Not to sound too much like a cliché, but those that do robotics are pioneering a new era—one that will see robotics replace not only most if not all laparoscopy, but much of open surgery as well. With this type of challenge there are going to be mishaps and missteps. We keep patient safety at the forefront here at Nationwide Children’s, and do not succumb to market pressures or company advertisement or aggressive marketing—that is the cornerstone of our program. It is my belief that, based on our unrelenting focus on safety of robot-assisted surgery and the rigorous training program surgeons must complete before performing robot-assisted surgery at Nationwide Children’s, our program will serve as an example for other children’s hospitals to follow.
Ficko Z, Herrick BW, Herz DB, Pais VM Jr. Successful Transcloacal Ureteral Stent Removal. Urology. 2012 Dec, 80(6):1361-3.
Herz DB. Biomarkers for Inflammatory Renal Damage in Children with Febrile Urinary Tract Infection: a Potentially New Top-Down Approach. The Journal of Urology. 2011 Nov, 186(5):1760-1.
McQuiston L, Macneily A, Liu D, Mickelson J, Yerkes E, Chaviano A, Roth D, Stoltz RS, Herz DB, Maizels M. Computer Enhanced Visual Learning Method to Train Urology Residents in Pediatric Orchiopexy Provided a Consistent Learning Experience in a Multi-Institutional Trial. The Journal of Urology. 2010 Oct, 184(4S):1748-53.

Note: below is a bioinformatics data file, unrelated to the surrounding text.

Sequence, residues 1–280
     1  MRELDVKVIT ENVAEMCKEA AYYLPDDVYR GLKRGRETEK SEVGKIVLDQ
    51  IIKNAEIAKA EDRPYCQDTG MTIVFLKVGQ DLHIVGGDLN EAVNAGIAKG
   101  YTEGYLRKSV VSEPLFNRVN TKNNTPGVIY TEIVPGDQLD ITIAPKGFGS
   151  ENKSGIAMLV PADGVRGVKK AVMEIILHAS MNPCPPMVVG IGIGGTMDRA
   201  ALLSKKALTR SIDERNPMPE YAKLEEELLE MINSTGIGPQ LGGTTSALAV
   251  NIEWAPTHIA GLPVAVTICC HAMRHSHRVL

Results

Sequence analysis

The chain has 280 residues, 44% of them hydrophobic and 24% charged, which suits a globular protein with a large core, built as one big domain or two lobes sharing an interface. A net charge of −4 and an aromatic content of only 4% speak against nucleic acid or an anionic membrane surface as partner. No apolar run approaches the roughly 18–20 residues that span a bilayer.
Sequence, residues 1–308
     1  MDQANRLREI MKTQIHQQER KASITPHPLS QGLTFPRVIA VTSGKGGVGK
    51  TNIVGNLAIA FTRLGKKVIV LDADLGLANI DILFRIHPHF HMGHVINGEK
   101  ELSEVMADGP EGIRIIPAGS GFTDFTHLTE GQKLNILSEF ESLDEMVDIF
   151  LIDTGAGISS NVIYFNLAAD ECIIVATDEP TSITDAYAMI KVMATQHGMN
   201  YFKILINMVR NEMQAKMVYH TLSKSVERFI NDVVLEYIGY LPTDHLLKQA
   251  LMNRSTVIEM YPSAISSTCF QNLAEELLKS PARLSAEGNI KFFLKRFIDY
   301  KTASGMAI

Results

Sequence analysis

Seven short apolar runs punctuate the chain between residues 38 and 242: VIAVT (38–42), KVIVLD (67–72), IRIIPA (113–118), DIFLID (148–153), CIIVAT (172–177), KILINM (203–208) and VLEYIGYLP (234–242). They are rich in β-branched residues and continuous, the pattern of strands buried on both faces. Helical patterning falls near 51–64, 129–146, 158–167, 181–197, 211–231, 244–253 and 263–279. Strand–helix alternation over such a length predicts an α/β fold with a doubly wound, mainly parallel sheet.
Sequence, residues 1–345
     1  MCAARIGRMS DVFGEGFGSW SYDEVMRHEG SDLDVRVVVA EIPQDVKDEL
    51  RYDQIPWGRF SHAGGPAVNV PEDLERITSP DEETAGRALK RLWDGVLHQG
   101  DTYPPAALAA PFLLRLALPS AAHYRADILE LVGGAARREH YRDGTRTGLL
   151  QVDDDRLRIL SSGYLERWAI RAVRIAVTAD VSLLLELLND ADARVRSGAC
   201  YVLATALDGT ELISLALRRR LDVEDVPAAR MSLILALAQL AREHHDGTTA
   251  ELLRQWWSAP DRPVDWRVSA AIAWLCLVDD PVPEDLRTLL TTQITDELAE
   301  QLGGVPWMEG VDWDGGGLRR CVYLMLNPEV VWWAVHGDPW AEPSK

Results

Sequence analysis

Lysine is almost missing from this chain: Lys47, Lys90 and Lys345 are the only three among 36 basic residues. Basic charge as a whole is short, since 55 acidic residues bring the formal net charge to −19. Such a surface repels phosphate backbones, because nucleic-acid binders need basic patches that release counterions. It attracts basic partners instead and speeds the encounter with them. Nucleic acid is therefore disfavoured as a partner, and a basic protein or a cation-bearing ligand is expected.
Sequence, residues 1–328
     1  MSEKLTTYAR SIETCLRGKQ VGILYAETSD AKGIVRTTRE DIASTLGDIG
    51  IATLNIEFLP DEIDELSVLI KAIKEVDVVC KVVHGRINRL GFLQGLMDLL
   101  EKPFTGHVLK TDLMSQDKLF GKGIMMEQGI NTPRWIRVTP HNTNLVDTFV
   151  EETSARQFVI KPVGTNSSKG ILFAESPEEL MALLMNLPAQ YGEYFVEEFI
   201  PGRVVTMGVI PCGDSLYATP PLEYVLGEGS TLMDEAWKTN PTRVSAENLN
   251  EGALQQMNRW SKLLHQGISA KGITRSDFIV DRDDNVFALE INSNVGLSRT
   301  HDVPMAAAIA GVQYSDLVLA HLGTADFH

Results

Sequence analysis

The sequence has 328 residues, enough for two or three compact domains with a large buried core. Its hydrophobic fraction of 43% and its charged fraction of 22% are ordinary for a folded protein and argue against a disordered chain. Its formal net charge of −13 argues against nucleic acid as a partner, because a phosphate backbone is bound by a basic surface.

Daniel B. Herz, MD, is a member of the Section of Pediatric Urology and director of Robot-Assisted Laparoscopic Surgery at Nationwide Children’s Hospital. He previously served as director of Pediatric Urology at Children’s Hospital at Dartmouth, and associate professor of surgery and pediatrics at Dartmouth Medical School. Certified by the American Board of Urology in both urology and pediatric urology, Dr. Herz received his medical degree from SUNY Health Science Center at Brooklyn (Downstate Medical Center) and completed his urological residency at University of Pittsburgh Medical Center. He completed a two-year clinical and research fellowship in pediatric urology at the Hospital for Sick Children, University of Toronto.